Ceremonies are taking place on the Indonesian island of Bali to mark the fifth anniversary of deadly bombings.
Ceremonies are being held in both Indonesia and Australia
Two hundred and two people died in blasts at two nightclubs in the Kuta tourist area on 12 October 2002.
Relatives of victims attended a ceremony in Bali's capital, Denpasar, while Australia, which lost 88 people in the attacks, also marked the day.
At dusk, people will gather at Kuta beach to witness 202 sea turtles being released into the sea.
More than 30 people have been jailed for the Bali bombings, which were blamed on the South East Asian militant group Jemaah Islamiah.
In Bali, commemorations began on Thursday when thousands of people gathered in front of local government offices for music and prayers.
After the turtles are released at dusk, there will be more prayers at the site of the attacks.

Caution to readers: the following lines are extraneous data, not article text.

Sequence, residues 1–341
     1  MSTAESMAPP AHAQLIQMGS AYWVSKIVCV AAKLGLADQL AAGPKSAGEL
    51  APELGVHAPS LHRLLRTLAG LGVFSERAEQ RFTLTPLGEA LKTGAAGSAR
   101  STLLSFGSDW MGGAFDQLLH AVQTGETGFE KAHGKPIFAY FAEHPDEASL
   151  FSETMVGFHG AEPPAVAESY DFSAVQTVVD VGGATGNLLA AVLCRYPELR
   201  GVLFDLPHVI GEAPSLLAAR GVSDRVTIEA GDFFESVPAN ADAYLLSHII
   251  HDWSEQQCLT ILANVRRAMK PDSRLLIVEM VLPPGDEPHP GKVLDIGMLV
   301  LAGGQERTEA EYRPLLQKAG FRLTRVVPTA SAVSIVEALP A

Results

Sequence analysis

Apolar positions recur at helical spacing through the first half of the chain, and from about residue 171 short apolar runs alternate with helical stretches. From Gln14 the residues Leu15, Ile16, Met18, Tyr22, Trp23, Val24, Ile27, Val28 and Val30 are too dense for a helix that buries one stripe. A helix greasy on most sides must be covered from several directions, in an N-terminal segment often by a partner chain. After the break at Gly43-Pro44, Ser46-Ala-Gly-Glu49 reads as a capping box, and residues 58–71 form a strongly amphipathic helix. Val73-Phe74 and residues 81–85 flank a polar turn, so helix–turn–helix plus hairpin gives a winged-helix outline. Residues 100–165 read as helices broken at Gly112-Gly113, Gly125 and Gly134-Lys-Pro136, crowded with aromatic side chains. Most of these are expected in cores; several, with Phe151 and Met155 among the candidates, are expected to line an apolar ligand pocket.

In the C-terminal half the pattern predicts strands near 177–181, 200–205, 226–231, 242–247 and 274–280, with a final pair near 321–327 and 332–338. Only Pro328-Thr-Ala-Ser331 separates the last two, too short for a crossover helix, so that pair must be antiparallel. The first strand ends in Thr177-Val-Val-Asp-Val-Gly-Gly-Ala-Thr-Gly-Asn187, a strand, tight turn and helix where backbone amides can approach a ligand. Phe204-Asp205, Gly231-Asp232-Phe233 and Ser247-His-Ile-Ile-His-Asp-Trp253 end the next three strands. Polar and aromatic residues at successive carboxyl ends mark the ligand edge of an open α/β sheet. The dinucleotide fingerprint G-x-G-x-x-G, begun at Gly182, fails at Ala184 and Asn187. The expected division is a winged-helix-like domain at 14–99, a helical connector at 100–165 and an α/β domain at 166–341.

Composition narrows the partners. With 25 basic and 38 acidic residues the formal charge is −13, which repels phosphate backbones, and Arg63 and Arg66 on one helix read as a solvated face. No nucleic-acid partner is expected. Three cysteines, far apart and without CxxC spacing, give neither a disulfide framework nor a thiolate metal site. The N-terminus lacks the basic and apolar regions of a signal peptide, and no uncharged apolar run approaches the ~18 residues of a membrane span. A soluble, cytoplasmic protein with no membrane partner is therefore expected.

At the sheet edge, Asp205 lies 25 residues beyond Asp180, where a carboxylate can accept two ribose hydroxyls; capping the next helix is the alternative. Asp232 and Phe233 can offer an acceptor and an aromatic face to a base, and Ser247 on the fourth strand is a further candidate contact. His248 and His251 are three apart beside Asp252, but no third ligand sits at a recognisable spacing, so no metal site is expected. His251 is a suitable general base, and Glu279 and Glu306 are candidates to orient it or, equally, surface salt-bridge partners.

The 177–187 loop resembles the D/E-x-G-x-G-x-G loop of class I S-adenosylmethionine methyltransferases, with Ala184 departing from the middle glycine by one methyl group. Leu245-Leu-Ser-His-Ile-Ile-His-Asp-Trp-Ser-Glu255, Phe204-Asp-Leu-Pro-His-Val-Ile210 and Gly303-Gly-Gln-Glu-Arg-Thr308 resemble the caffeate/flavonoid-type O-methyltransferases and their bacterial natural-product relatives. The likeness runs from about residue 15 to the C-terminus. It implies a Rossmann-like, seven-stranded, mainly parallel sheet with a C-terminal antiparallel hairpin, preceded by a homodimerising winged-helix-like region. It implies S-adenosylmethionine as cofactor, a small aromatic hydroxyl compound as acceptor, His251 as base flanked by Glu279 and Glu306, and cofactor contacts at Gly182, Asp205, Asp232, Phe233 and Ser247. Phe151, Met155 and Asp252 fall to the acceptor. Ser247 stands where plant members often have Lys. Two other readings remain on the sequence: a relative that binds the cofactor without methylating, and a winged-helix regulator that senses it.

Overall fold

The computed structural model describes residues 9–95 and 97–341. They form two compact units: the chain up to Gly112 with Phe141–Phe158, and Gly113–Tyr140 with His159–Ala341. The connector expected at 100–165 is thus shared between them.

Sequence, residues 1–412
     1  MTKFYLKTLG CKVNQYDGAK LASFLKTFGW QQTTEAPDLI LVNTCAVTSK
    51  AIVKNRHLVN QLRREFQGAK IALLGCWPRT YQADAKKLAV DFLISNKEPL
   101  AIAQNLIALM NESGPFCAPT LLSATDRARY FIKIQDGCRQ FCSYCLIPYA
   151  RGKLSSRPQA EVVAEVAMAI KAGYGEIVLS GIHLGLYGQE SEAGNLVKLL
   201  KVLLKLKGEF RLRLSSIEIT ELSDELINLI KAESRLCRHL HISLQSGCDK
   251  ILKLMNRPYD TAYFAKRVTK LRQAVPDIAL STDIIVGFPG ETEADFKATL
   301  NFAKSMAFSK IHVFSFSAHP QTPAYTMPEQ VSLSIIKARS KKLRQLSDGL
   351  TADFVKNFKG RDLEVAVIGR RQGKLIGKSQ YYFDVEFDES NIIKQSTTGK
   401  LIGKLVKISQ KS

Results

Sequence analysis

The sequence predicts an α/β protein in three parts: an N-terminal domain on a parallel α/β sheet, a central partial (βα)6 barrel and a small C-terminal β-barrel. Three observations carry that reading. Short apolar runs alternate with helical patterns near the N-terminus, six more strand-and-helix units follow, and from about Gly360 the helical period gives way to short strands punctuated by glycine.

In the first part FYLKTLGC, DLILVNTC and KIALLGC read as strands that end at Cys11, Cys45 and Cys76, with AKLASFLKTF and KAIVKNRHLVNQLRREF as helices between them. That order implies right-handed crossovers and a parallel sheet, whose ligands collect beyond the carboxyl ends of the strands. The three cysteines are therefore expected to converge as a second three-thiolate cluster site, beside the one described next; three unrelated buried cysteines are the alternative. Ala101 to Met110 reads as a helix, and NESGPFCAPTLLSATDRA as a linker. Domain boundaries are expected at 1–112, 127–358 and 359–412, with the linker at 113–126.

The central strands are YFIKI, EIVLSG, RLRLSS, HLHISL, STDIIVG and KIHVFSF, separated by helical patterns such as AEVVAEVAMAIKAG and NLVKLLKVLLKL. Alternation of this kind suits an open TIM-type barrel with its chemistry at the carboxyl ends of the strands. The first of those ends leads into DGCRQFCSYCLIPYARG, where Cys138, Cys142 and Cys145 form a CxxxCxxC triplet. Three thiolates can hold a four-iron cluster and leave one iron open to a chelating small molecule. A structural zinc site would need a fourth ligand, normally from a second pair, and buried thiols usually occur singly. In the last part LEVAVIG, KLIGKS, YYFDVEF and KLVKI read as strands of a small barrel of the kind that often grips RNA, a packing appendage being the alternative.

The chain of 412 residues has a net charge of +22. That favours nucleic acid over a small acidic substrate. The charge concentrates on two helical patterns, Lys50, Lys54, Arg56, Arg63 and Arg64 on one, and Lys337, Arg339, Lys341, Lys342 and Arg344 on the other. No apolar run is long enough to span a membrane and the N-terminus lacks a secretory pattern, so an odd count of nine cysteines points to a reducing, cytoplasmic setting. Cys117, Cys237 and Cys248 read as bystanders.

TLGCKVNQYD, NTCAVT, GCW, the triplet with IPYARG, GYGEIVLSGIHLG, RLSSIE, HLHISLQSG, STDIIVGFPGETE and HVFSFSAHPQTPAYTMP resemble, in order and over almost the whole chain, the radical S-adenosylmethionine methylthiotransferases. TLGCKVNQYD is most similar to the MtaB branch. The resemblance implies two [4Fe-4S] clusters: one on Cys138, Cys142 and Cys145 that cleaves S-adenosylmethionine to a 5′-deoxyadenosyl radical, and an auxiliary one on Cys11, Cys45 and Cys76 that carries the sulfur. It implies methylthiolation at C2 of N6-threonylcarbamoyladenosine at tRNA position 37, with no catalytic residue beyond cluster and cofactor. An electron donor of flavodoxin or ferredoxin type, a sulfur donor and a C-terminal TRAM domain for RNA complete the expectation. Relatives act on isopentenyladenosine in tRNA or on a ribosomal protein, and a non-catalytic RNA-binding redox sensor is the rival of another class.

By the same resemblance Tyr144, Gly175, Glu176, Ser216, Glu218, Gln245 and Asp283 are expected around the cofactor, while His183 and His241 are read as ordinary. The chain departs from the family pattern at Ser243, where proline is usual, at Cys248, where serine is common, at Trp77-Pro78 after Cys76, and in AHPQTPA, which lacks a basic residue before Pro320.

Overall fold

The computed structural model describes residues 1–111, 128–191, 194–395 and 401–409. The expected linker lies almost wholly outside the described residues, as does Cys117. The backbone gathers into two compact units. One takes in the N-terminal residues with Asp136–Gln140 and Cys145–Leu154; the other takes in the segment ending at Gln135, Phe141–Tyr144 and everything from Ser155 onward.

In Australia, groups gathered at beaches in Perth and Sydney to remember those who died.
In a statement, Prime Minister John Howard described the bombings as a "tragic chapter" in Australia's history.
Three men have been sentenced to death over the attacks
"Those who perpetrated the attacks sought to sow division and hatred," he said. "Instead the Bali bombings brought the peoples of Australia and Indonesia closer together."
But he also criticised a decision by the head of Indonesia's anti-terror unit, Brig-Gen Surya Dharma, to host convicted militants, including two men jailed for their roles in the Bali bombings, at a meal last month.
Brig-Gen Dharma said it was part of a strategy of dialogue with extremists to reduce the threat of terrorism, the Associated Press news agency reported, but Mr Howard told local radio that he was "absolutely disgusted" by the event.
Last month, the Supreme Court rejected the final appeals of three Islamist militants convicted over the Bali attacks.
Imam Samudra, Amrozi and Mukhlas, or Ali Gufron, were all sentenced to death in 2003 for playing major roles in planning and coordinating the bombings.
No date has been set for the death sentences to be carried out.